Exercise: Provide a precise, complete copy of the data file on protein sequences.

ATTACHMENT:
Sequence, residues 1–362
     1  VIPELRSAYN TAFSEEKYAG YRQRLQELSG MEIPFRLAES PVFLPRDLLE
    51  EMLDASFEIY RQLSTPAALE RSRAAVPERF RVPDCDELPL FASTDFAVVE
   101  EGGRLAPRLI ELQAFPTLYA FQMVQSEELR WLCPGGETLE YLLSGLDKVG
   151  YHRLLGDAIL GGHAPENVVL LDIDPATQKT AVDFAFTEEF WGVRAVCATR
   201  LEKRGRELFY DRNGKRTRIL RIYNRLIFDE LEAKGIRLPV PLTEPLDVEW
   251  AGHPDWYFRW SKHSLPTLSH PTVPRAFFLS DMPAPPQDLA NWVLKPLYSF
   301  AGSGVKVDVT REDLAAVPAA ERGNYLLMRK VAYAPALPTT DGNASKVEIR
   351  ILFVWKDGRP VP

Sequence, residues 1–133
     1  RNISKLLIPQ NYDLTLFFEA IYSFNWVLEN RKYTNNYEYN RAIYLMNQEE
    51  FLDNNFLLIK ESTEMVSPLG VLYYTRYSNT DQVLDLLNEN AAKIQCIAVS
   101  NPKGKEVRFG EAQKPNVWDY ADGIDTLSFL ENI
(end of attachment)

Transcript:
Sequence, residues 1–362
     1  VIPELRSAYN TAFSEEKYAG YRQRLQELSG MEIPFRLAES PVFLPRDLLE
    51  EMLDASFEIY RQLSTPAALE RSRAAVPERF RVPDCDELPL FASTDFAVVE
   101  EGGRLAPRLI ELQAFPTLYA FQMVQSEELR WLCPGGETLE YLLSGLDKVG
   151  YHRLLGDAIL GGHAPENVVL LDIDPATQKT AVDFAFTEEF WGVRAVCATR
   201  LEKRGRELFY DRNGKRTRIL RIYNRLIFDE LEAKGIRLPV PLTEPLDVEW
   251  AGHPDWYFRW SKHSLPTLSH PTVPRAFFLS DMPAPPQDLA NWVLKPLYSF
   301  AGSGVKVDVT REDLAAVPAA ERGNYLLMRK VAYAPALPTT DGNASKVEIR
   351  ILFVWKDGRP VP

Sequence, residues 1–133
     1  RNISKLLIPQ NYDLTLFFEA IYSFNWVLEN RKYTNNYEYN RAIYLMNQEE
    51  FLDNNFLLIK ESTEMVSPLG VLYYTRYSNT DQVLDLLNEN AAKIQCIAVS
   101  NPKGKEVRFG EAQKPNVWDY ADGIDTLSFL ENI